How should one structure their CLI programs? I've seen this question a few times, and over the years I've come up with some patterns that I really like. This post explores the variations of these patterns and trade-offs between them.

Series Contents


I recently came across this question (and associated answer) on the clap repository. The answer given is a good one. But I wanted to expand with my own findings and practices, which spurred the motivation for this post.

Type of CLI

First things first. We need to know which type of CLI you're building. For these purposes there are two broad categories:

  • Subcommand based
  • Single Command Argument based

An example of "subcommand based" would be cargo; each function is represented by a distinct "command" that is a child (or grand-child, or great-grand-child, etc.) of the top level command cargo. i.e:

$ cargo build
$ cargo clean
$ cargo new

Whereas an example of a single command based CLI would be ripgrep, where the tool has a single command, in this case rg that is controlled solely by arguments.

Most often, although not always, subcommand based CLIs each command is a distinct function, and at some level they could have perhaps been distinct tools. For example cargo build builds the Rust program, whereas cargo clean cleans all build artifacts. These could probably have been implemented as cargo-build and cargo-clean respectively. But because those two commands are closely related in purpose (handling Rust projects) it makes far more sense to combine them into a single cargo command which has the added benefit of being able to easily share code, cohesion in things like error messages and arguments, and not cluttering the file system with cargo-* commands, etc.

Similarly, single command based CLIs often, but not always, have a single function. In Ripgrep's case, that is searching through files. This function can be altered in ways via arguments, but ultimately it's still just searching through files.

NOTE Ripgrep is actually a good example of the "but not always" saying. Technically, Ripgrep can also manage and assist the user with "type definitions" that allow searching exclusively through specific file types. This function is controlled through the --type-* arguments, which when used add, remove, or list various "type definitions" and thus don't actually do the "sole functionality" of searching through files. These could have been made subcommands, such as rg type [OPTIONS] however, this set of functionality is minor enough (and the only other functionality beyond searching files) that making it a subcommand could have detracted away from the primary purpose of searching needlessly. Subcommands can, and do, complicate matters.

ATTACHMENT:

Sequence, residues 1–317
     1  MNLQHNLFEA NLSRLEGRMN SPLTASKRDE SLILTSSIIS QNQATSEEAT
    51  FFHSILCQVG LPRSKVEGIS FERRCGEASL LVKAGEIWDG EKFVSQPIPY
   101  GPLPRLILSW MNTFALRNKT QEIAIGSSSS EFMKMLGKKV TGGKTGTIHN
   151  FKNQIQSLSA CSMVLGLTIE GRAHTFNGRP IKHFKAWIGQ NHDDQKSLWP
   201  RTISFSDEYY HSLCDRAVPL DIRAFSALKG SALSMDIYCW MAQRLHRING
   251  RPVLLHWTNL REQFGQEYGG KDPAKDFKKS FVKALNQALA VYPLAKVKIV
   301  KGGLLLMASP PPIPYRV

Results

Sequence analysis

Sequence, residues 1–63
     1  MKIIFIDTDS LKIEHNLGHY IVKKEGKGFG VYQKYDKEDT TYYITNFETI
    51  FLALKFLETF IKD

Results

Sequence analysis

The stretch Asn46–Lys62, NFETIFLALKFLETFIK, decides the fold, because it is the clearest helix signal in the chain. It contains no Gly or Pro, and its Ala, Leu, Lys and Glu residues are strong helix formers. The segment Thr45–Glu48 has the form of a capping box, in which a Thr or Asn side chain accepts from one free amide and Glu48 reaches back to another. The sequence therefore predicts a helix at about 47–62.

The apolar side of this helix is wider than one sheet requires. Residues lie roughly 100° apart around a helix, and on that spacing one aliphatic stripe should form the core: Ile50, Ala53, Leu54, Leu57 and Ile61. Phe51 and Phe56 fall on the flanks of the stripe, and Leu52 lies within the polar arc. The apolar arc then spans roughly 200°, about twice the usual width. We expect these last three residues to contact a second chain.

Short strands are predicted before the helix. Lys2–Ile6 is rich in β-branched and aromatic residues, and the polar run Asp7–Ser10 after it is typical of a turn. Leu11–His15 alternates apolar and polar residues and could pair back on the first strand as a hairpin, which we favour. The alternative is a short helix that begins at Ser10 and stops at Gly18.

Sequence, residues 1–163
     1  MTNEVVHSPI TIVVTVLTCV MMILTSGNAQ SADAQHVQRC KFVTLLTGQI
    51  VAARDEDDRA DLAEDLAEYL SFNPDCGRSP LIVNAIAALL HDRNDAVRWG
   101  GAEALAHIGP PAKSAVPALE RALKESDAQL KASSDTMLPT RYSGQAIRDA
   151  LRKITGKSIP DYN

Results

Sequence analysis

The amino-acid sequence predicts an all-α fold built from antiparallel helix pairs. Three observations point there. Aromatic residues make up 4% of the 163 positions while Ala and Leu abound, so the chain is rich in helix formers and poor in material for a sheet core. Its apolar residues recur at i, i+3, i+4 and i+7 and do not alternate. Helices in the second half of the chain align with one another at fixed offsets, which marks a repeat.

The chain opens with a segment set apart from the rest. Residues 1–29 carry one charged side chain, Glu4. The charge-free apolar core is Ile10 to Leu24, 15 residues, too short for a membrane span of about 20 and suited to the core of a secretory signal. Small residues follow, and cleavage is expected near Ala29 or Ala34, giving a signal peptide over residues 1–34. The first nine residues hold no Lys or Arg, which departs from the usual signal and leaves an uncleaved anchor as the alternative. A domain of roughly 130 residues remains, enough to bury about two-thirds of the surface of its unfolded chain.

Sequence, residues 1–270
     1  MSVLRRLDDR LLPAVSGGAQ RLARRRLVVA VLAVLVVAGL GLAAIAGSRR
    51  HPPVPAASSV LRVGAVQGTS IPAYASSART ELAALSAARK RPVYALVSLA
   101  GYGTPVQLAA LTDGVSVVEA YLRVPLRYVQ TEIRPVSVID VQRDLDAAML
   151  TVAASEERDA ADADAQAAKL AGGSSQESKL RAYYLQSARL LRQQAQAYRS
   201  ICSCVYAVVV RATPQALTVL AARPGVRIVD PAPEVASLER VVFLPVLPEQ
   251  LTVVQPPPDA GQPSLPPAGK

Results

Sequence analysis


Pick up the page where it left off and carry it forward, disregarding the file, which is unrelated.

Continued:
Ok, so now we know what kind of CLI we're building, we can start to decide on what pattern to use.

This post will focus almost exclusively on subcommand based, because it's the most interesting and complicated.

NOTE I plan to write a "BONUS POST" that discusses a single-command based pattern for completeness sake if that's the route you're taking.

The CLI - bad rustup...bustup

So we're making a subcommand based CLI. The example we'll use is a toy example to keep this already long post manageable since the actual tool itself isn't important here. This tool will mimic a tiny tiny subset of rustup extremely poorly...i.e. we're just going to print some messages.

We'll call this bustup.

NOTE Why rustup? Because it implements a pattern that will be useful to explore, and that's using several nested layers deep of subcommands. For example cargo (and other tools like git) typically only go one layer deep (i.e. git clone, cargo update, etc.) whereas rustup can go several more layers deep, such as rustup toolchain add .... This will be important as the pattern we'll use has additional considerations when nesting more than a layer or two deep.

Parsing Library

We also need to decide on a parsing library. I'm biased towards clap so that's what we'll be using. However, this pattern should more or less be applicable to any command line argument parsing library.

clap like several other parsing libraries supports two different modes of building a CLI. The so-called "Builder Pattern" and the "derive based" method.

We'll cover both methods because the pattern used is different in interesting ways for each.

But this also means we'll have to re-implement bustup twice using the different methods. Another reason to keep bustup minimally simple.

bustup Command Structure

Here's what we'll implement:

  • bustup update [toolchain] [--force]
  • bustup target add [--toolchain=<TOOLCHAIN>]
  • bustup target remove [--toolchain=<TOOLCHAIN>]
  • bustup target list [--toolchain=<TOOLCHAIN>] [--installed]

Context Structs

Something all (or at the very least most) CLI applications deal with the idea of a "runtime context."

When doing an actual action in code, there is normally some defined "context" informing the runtime code on what actions to take and how to take them. For example our bustup update will need some contextual knowledge about which toolchain the user wishes to update.

There are many different ways to store and pass around runtime context. The most common ways are via:

  • The CLI value structs themselves
  • Context Structs
  • Globals

I will omit globals, as it's typically an anti-pattern and frowned upon especially in Rust as these context objects are typically mutable and having global mutable state precludes many multi-threading possibilities and negates many of Rust's safety features.

That leaves us with the CLI value structs, and context structs.